Canada must deepen relationship with Asia, experts say

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“Canada as a whole has zero free trade agreements in Asia, compared to Australia, or the United States or European countries, who have multiple free trade agreements in the region. And the statistics go on and on. There are very clear measures of how we are lagging behind our peer group.”

From economic exchange to knowledge exchange 

Canada has not always lagged behind in its relations with Asia. For approximately two decades, beginning in the early 1980s,  Canada was actively engaged in the region. In addition to acting as a founding member of Asia-Pacific Economic Cooperation (APEC), it provided intellectual leadership for the management of the South China Sea.

Jusuf Wanandi, the Co-Chair of PECC and a Senior Fellow and Co-Founder of the Centre for Strategic and International Studies, recalled these contributions in an interview with The Vancouver Observer. In addition to trade, he said that he hoped that an exchange of knowledge would flourish between Canada and Asian countries.

“[Canada] is definitely starting to [come back to the region] and we would like to encourage her to be making greater steps and a bolder exchange,” Wanandi said.

Similarly, in the Canada Asia 2013 Keynote Address, Governor General David Johnston discussed how Canada could contribute to “the diplomacy of knowledge” in Asia by working across borders and disciplines to respond to the challenges the Asia Pacific region faces.

Moving beyond natural resource exports

While natural resources figure prominently in Canada’s relationship with Asia -- especially in relation to national debates about the possible construction of the Northern Gateway Pipeline and Chinese investment in the tar sands -- delegates at Canada Asia 2013 discussed the potential for Canada to move beyond its traditional role as a natural resource supplier.

“The big story in the years ahead is not commodity exports,” Woo said. “It is the shift in the demand away from resource dependency to higher-value added products to services to a better quality of life. And this is where Canadian companies have a comparative advantage, but we are not spending enough time and energy thinking about how we can develop those markets in Asia.”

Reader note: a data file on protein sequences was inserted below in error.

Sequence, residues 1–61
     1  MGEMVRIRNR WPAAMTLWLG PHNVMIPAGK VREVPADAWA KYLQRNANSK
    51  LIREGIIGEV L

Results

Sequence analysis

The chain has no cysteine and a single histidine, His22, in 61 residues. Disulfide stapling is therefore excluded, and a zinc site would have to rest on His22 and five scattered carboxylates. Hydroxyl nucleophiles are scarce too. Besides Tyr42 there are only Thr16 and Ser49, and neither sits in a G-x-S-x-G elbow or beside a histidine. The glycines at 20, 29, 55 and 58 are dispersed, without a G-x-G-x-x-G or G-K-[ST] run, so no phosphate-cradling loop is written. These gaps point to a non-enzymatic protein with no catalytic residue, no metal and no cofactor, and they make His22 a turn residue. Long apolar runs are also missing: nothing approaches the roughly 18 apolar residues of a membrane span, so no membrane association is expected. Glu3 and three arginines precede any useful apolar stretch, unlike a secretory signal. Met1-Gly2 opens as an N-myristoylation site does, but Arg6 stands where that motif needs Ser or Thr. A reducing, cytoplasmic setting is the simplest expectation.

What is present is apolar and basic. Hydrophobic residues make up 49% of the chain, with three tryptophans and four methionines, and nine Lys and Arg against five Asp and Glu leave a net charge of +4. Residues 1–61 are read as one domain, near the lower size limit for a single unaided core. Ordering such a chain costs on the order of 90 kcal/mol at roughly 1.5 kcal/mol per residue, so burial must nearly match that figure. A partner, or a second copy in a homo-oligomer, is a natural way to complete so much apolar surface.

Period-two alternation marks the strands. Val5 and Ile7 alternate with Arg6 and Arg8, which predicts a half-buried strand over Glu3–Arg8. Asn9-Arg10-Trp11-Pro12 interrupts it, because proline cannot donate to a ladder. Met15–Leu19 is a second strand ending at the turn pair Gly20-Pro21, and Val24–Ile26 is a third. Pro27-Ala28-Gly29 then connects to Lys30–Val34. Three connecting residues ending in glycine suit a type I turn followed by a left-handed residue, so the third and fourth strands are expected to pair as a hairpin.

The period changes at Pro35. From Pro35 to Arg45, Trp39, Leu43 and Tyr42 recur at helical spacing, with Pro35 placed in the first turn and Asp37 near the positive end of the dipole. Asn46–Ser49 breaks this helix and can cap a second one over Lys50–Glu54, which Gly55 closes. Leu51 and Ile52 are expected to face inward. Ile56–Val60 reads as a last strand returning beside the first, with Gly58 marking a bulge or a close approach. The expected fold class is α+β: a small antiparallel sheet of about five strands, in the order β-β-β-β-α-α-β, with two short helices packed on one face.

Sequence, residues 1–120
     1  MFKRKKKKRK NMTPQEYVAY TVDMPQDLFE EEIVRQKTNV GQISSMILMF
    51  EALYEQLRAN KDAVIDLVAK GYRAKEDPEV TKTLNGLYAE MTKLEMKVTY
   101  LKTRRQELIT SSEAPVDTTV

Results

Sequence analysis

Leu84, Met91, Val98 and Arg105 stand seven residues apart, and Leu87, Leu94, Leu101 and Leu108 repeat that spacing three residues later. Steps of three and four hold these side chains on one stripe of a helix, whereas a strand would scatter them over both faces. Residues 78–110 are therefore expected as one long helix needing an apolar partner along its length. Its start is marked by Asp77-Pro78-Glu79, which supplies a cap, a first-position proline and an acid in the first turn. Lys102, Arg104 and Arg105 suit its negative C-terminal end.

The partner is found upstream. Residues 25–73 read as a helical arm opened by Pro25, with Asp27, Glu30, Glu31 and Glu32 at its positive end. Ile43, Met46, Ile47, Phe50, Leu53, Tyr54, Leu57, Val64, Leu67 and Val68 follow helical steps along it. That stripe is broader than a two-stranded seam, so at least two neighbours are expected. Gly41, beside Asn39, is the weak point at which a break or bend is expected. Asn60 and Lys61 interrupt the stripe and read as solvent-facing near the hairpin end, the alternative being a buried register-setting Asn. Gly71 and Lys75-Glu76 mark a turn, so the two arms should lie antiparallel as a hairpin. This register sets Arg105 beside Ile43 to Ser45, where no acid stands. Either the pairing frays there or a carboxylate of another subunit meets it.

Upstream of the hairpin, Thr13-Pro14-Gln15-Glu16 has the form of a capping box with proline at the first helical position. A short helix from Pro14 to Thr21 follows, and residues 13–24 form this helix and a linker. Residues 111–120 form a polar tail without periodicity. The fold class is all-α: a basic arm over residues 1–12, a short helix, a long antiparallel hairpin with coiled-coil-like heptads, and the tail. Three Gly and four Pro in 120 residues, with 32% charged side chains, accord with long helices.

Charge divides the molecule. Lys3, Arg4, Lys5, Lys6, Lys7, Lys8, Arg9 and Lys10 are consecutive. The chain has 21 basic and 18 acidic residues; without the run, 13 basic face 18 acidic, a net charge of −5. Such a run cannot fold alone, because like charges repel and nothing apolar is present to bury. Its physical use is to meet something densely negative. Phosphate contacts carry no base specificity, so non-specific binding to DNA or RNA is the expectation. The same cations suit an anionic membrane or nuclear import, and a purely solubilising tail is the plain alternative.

“Canada is a good supplier [of natural resources for China],” explained Yunling Zhang, the Director of International Studies at the Chinese Academy of Social Sciences, in an interview with the VO.  “But beyond that [...] there’s very great potential for China and Canada to cooperate on many areas -- especially now that China  is at a new stage of transformation from an assembly centre to an innovation and service centre.

Zhang said that China needs to move away from a consumption-based model for growth to one that will be sustainable in the long-run. Sam Pitroda, the Advisor to the Prime Minister of India on Public Information Infrastructure and Innovations, also spoke of an alternative model for India and emphasized the need to focus on those living in extreme poverty.

“Our cost structure has to be very, very different,” Pitroda explained. He said that economic development in India requires technology characterized by affordability, scalability, and sustainability -- an area where Canada has the potential to contribute.  

Pitroda encouraged delegates to think big, noting that pilot projects involving small numbers of people traveling back and forth were useless. “Get Canada and India together -- build a whole new city from scratch in India for a million people,” he suggested.

Don Campbell, the Co-Chair of PECC and the Chair of Canada’s PECC Committee, told the VO that, while natural resources will continue to be important, Canadian companies can expand their  business in Asia in relation to environmentally-responsible technologies, food products and related services,  financial services, and education, among other industries.

“Canada should celebrate and acknowledge the importance of a new model,” Murray said, as she criticized the federal government for using all of its political capital to push forward a model focused on fossil fuels. “As long as the public discourse is tied up in whether the government should override the public and push a crude oil pipeline or not, I think we’re really missing the boat, which is that new economy.”

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